and they said that the fixes should prevent any recurrence of the failures. . history. “Because the change was small . in which equipment made by many different companies is linked together. DSC’s explanation underlines fears that as computer software grows more complex and takes over greater functions in companies and government. he said. Perpiglia said DSC had made changes at the request of one customer to basic software that runs the signal transfer points. Between December last year and April. In the meantime.2 have been at the heart of the investigation.S. other causes might be found as well. But he said that in the telephone network as a whole. telephone companies have installed in their switches special software “patches” that DSC provided. A single misplaced command — one that tells a machine to look in the wrong data base when a particular piece of information is needed. running a word processor. Computers move through the instructions sequentially to perform tasks as diverse as routing telephone calls.” Analysis of the computer instructions led DSC to pinpoint the problem in a specific section of the change. we felt that the change itself did not require such testing. Perpiglia said. the change was distributed to five of the seven regional telephone companies. Usually such bugs are detected during laboratory testing.. Perpiglia told members of the House subcommittee on telecommunications and finance yesterday. for instance — can throw a computer into confusion. Software developers continually come up with refinements in existing programs. Software engineers are developing new ways to test software and mathematically prove that it is error-free. Despite DSC’s statement. guiding missiles and keeping track of company payrolls. consisted of only three “binary digits” of information — three flawed digits among millions of correct ones. Other theories say software should be designed with the assumption that bugs will occur but that any damage they cause will be containable. which rank among the most disruptive software-related failures in U. Software consists of electronic instructions that in complex programs can number in the millions. major telephone companies and equipment manufacturers yesterday continued a high-energy investigation of the incidents. “DSC did not go through the normal process” of four months of testing before sending the change out. The flaws. but many survive this process.. society will be increasingly vulnerable to massive failures.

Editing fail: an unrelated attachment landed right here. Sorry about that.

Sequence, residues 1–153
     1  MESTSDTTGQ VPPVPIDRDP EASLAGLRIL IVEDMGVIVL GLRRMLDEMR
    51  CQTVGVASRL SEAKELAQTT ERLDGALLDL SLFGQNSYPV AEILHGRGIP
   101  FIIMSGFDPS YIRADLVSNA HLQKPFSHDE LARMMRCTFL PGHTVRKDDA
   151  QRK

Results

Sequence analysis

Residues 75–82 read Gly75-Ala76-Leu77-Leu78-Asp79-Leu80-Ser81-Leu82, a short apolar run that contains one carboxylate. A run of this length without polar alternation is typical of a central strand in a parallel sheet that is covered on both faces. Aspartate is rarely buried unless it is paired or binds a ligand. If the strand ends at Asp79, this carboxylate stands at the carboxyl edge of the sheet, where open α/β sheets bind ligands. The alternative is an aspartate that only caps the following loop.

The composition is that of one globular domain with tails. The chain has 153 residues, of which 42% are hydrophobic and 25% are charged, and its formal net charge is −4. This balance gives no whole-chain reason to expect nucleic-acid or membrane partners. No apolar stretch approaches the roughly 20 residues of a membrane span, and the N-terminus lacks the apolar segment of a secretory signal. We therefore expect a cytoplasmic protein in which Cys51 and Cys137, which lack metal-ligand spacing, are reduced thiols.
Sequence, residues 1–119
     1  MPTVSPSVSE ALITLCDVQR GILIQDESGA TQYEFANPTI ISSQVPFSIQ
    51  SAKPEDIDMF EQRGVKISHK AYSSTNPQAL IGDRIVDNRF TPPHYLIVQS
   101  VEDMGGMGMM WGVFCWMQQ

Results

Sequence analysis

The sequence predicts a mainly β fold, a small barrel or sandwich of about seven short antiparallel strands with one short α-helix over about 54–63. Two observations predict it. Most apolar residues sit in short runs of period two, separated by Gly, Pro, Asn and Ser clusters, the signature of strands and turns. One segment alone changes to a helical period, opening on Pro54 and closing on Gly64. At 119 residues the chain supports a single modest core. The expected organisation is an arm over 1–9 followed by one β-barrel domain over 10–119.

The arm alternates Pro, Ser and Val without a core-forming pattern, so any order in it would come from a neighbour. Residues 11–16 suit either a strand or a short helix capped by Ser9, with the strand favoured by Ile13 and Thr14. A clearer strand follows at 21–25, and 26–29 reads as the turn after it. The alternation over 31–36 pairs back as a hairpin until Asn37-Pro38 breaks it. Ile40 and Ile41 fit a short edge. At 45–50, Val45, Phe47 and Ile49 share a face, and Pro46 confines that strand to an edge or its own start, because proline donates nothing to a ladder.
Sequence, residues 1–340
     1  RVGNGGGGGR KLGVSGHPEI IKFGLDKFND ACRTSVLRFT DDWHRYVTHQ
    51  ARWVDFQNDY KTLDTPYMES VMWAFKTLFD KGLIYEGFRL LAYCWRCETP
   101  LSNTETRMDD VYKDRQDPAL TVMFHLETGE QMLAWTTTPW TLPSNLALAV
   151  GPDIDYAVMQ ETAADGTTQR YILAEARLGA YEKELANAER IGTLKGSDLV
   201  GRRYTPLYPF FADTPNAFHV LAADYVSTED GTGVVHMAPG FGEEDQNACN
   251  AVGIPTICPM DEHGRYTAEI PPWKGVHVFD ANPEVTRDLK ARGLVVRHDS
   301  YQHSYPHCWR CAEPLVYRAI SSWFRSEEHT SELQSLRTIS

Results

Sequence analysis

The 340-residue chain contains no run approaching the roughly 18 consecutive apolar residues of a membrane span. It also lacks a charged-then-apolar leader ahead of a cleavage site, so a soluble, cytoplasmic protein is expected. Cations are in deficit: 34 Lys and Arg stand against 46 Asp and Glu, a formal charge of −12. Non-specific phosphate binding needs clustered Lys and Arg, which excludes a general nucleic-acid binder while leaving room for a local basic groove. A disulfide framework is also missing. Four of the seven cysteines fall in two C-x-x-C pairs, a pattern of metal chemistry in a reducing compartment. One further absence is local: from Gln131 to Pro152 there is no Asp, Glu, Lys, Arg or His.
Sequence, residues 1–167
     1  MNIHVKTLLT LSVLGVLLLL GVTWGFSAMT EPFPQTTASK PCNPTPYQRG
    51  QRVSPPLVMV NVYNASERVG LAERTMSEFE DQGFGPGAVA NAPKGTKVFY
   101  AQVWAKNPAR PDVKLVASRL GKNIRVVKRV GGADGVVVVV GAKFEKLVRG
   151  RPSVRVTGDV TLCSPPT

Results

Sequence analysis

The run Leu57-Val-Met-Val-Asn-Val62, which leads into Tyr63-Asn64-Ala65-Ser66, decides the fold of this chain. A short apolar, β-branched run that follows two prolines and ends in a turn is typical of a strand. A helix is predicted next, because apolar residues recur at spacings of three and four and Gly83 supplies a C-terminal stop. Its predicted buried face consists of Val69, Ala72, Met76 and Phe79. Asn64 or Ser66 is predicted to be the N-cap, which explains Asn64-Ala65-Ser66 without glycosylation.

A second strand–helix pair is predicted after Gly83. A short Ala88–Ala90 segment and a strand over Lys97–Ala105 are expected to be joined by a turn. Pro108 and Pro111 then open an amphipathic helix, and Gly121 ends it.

But due to the errors in the program. causing the systems to shut down. What was the reason given by the DSC Communications Corporation for not performing normal testing? What motivated them to skip testing in your opinion? .3 DSC computers are designed to route calls around minor failures that routinely occur in a modern telephone network. “And we are persuaded that the recent events are — in all probability — inadvertent side effects of continuing progress. In a closed session yesterday. Describe the incident in your own words. State the root cause of the problem. 3. Phone company executives said they had no way to explain why the failures on both coasts had occurred so close in time to one another. write the answers in the space provided. “The commission continues to have full faith in the fundamental strength of our public telephone network.” Staff writer Evelyn Richards contributed to this report.” FCC Chairman Alfred Sikes said. and designate a member of the group to read the answer(s) on behalf of the group. rather than evidence of any fundamental flaws. Why did this problem shut down the phone system? 4. the Federal Communications Commission decided to step up its own research into network reliability. Questions: Select two of the questions below. What went wrong and what was the impact on the human lives? 2. to establish a special staff for that job and to establish formal reporting requirements for network outages. 1. such as the failure of a single circuit board. the computers responded by pumping out floods of erroneous internal messages that crowded out routine messages that serve to route phone calls.